German auto giant Volkswagen (VW) pulled the plug and ended the production of the iconic Beetle only recently, with the last car rolling of a factory in Puebla, Mexico.
The car that was called the ‘Bug’, and a few other names, fondly over the years across the globe, was nothing short of extraordinary when it came in the 1930s. It took the automotive world by storm and even today, the cars that run on the road stay true to their origins.
But before all that, a quick lesson in history. The Model T from Ford had been making Americans a joyful lot. It had been on sale from the 20s of the 20th century and Hitler wanted the Germans to have some fun.
In April 1934, he gave the order to Porsche to develop a Volkswagen as in ‘people’s car’. Not stopping there, a month later at a meeting at Berlin’s Kaiserhof Hotel, Hitler insisted on a basic vehicle that could transport two adults and three children at 100 kph, while not using more than seven litres of fuel per 100 kilometres.
Now Adolf may have been a mass murderer, but he did have good foresight into the matter and he did think things through. For instance, Hitler wanted the car to be powerful so that it can cruise happily on Germany’s then new Autobahns (highway system). But crucially, he wanted the engine to be air-cooled because he reckoned (and rightly so) that not every doctor who could afford one would have his own garage to change the liquid cooling, which at that time was not developed and would freeze during winter, breaking the engine. He also insisted that the car be simple for parts can be quickly and inexpensively changed. The result was that a Beetle had only 14 bolts connecting the car’s floor and the body together.
The car eventually went on to become a big hit in the USA, where people, despite the enmity between the two nations during the second of the world wars, adopted the car as their own. To give an example as to how much they loved the Bug, one must look at beach buggies of today. While they might not have any resemblance to the Beetle, it was in fact the genesis.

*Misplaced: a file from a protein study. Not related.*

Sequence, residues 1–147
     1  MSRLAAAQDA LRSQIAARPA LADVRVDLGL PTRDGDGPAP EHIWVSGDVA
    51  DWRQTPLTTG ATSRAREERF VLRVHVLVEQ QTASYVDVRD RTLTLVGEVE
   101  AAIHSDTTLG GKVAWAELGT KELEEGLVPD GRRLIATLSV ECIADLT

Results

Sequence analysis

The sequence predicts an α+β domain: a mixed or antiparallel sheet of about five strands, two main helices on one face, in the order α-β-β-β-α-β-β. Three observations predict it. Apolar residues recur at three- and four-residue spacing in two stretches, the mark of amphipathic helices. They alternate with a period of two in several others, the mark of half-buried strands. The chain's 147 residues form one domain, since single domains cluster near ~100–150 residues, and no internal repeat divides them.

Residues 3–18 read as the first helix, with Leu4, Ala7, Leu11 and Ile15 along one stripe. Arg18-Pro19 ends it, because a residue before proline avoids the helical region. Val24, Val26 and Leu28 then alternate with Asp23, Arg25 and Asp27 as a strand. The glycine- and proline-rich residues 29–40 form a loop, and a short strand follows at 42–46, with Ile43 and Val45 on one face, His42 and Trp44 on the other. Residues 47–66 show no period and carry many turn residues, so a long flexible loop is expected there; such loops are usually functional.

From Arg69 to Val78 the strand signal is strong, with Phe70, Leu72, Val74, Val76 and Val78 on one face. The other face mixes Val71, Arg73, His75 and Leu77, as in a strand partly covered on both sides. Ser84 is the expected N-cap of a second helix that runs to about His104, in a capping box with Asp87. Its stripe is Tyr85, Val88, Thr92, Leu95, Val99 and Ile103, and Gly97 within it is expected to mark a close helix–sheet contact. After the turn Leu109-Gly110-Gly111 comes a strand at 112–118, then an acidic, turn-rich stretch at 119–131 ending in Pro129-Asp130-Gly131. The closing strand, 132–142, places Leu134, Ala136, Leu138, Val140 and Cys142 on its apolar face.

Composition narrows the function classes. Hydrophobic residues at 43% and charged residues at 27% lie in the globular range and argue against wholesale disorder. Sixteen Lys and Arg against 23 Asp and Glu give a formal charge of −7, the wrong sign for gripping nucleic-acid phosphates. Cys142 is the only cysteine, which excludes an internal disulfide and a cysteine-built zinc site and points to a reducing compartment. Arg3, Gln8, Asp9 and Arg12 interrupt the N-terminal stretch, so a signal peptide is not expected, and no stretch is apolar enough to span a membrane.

When the American economy started booming, people had spare cash to buy new cars and the old Beetle’s, well they weren’t as fancy when they came after the war. A few started modifying the car, as it had very basic architecture.
After separating the floor and the running gear from the car, the blokes went on to put a new fibreglass body, high riding suspension and a couple of seats so that they could take the car to the beach and then drive about in it, in the beach. The blokes who created the beach buggy had specific criteria as to how the car should be designed. For example, the fenders were designed wide so that they could hold a beer crate without a problem. How brilliant was that!
With modern times, changes came in people’s preferences. Sales plummeted and VW had to come up with new ideas to keep the car shifting from showrooms. Having based it on the Golf platform, the second generation car simply became one that was preferred by the ladies, with the males not buying one for themselves. Something about the design did not attract a universal audience to the car. In India, it was more apparent.
The first generation however, still remains an icon, with over 21.5 million cars sold during its long…very long tenure. The Beetle changed automotive scenario in many different ways, but the most important one, according to me was that it kept things simple. When it came, cars were toys for rich lads and were expensive to maintain. The Beetle trashed that thought and every person with the know-how of how a car works could work on it, service it and maintain it.
I think the original Beetle is one where every aspiring mechanic should learn their trade. Not that it will help them of course, for future full of electric cars will make mechanics obsolete and put electricians to the fore. Nevertheless, it is good to learn the basics. If at all one wants to see the last Beetle ever produced, they should head to the Volkswagen museum in Puebla, Mexico and take a glimpse of the last remnant of the car that made history.